Though 1920s kitchens focused on being modern, sanitary, and efficient, it was also generally a period of really pretty kitchen rooms.
Hard surfaces included glass and tile; super-hard enamel paint protected trim and furniture. Floors were occasionally wood or tile, but linoleum was huge and, due to its affordability, was found in almost every kitchen. The patterns were available in every color and design imaginable. The popularity of linoleum was evidenced by the relatively large number of national brands including Armstrong, Nairn, Congoleum, Blabon, Bird, and W. & J. Sloane.
Built-in cabinetry was used along side Hoosier free-standing cabinets. Other manufacturers included Sellers. These were designed as single-station efficiency units that cut excess walking and increased the housewife's productivity and comfort. Other cabinetry was offered for both new construction and remodels. National companies like Curtis Woodwork, Kitchen-Maid, Bilt-Well, and Morgan among others competed for the homeowner's dollar against small local craftsmen.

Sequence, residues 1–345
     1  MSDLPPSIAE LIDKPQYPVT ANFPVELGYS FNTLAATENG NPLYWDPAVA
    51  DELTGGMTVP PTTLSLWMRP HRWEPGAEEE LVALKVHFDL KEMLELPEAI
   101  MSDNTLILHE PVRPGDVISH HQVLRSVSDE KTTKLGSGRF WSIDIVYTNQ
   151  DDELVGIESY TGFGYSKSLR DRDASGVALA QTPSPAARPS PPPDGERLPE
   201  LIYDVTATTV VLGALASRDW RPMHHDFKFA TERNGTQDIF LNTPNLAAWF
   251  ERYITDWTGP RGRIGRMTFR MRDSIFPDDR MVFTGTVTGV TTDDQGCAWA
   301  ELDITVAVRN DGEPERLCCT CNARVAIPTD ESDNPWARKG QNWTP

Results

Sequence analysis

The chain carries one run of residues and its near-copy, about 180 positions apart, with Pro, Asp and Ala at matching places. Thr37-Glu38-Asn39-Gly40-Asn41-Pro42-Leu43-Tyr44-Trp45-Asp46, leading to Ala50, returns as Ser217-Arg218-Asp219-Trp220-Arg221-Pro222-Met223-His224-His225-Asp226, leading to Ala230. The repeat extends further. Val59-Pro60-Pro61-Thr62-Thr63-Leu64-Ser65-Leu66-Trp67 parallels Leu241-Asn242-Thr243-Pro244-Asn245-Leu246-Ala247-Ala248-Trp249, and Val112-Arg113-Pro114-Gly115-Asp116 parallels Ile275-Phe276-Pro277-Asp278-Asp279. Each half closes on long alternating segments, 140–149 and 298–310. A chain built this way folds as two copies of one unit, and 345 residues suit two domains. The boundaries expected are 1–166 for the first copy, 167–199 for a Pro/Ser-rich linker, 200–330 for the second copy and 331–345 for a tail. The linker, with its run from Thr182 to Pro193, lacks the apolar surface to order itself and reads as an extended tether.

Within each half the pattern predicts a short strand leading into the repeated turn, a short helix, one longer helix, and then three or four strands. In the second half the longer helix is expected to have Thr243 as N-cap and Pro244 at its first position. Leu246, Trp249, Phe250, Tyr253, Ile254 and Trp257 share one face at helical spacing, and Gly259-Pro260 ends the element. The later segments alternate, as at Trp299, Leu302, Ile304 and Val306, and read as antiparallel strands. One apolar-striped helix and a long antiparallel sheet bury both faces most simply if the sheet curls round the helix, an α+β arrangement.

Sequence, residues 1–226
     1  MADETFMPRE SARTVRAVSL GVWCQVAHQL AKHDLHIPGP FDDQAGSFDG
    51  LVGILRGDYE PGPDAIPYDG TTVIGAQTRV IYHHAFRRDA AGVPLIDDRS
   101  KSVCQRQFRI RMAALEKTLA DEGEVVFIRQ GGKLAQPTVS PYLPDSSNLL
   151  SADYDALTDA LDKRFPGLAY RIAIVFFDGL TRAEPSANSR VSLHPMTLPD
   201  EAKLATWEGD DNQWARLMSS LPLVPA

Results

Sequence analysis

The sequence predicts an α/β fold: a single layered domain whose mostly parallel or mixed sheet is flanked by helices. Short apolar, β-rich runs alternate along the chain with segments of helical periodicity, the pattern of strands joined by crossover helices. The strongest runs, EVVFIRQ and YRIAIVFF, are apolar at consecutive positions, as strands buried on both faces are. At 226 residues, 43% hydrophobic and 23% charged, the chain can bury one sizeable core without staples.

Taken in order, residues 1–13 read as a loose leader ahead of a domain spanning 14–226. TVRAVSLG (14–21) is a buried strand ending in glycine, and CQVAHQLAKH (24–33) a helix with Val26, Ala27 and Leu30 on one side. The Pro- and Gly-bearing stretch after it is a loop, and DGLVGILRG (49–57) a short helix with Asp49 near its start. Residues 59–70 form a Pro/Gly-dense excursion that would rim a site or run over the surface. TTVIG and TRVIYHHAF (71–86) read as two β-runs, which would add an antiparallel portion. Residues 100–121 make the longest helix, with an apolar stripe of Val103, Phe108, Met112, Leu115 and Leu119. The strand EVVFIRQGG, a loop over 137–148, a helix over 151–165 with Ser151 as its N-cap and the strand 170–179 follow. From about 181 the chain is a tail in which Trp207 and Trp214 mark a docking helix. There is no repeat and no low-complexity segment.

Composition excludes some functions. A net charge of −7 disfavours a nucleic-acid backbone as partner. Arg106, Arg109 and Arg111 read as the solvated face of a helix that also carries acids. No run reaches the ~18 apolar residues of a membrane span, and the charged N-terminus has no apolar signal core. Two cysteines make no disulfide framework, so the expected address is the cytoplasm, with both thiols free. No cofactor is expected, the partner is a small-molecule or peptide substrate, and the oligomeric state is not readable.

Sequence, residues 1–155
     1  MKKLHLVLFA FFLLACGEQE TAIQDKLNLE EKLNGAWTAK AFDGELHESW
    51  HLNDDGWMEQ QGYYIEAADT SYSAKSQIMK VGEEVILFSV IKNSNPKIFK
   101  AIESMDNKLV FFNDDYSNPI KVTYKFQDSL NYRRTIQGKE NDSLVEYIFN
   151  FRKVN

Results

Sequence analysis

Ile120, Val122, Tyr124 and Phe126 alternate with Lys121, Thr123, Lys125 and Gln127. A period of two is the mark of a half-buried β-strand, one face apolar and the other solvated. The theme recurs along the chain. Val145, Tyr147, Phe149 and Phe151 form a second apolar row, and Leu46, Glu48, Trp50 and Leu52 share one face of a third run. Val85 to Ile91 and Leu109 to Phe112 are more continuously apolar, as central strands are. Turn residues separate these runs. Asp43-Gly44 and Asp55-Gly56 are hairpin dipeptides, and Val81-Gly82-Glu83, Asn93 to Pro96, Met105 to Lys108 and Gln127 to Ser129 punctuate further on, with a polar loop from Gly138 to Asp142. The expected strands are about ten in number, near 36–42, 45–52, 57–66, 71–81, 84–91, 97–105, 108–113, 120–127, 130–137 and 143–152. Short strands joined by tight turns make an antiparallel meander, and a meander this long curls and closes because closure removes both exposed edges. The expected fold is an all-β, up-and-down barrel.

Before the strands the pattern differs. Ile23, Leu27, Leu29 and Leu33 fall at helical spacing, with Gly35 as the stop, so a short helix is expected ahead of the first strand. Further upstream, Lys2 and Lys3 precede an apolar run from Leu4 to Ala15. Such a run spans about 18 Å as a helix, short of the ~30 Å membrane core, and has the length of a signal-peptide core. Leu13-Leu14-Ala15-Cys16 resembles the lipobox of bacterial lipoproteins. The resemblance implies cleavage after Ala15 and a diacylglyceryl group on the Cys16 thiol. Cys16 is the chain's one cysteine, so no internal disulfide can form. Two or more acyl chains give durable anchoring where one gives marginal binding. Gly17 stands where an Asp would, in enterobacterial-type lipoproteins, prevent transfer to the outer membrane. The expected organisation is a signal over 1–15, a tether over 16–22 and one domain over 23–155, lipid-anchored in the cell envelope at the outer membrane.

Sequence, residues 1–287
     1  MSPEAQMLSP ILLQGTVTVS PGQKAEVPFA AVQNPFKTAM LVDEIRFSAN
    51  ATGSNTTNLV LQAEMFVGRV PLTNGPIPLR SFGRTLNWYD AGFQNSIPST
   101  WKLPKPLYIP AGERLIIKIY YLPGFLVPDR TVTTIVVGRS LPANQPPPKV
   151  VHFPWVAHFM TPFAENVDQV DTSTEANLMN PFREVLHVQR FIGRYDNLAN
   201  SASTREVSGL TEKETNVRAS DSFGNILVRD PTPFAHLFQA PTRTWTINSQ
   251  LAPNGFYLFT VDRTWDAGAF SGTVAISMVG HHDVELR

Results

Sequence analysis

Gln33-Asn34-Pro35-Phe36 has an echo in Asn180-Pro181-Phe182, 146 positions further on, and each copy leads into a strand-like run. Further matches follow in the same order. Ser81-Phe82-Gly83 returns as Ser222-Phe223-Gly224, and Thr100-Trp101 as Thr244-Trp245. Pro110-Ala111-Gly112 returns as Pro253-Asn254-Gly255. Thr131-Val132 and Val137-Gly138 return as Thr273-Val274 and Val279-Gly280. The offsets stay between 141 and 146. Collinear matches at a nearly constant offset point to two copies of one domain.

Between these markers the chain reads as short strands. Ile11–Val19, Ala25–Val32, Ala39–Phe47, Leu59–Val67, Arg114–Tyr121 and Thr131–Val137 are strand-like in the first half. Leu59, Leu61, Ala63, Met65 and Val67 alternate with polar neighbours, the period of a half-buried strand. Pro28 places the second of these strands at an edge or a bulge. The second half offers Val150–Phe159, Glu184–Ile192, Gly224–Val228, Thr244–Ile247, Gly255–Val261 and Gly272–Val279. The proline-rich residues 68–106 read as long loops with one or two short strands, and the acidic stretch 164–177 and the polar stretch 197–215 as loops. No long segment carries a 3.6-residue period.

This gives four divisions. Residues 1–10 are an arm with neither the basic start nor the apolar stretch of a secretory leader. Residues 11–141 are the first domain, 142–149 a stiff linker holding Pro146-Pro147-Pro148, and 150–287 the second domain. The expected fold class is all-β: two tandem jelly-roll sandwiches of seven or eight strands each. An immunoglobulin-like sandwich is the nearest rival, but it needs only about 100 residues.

The advent of electricity made appliances mandatory. Vacuum cleaners, washing machines, toasters, electric stoves, and fans were just a few of the new tools designed to save time and add comfort to daily tasks. Until the 1920s, appliances were popular, but during the Jazz Age, they became indispensable. Electric refrigeration replaced the ice box by the end of the decade ... a sweeping innovation with huge benefits that literally changed the way families ate.
In the coming months, we'll post articles and images of vintage kitchens from advertising, articles, and books that will help you combine the charm of the 1920s in your home.
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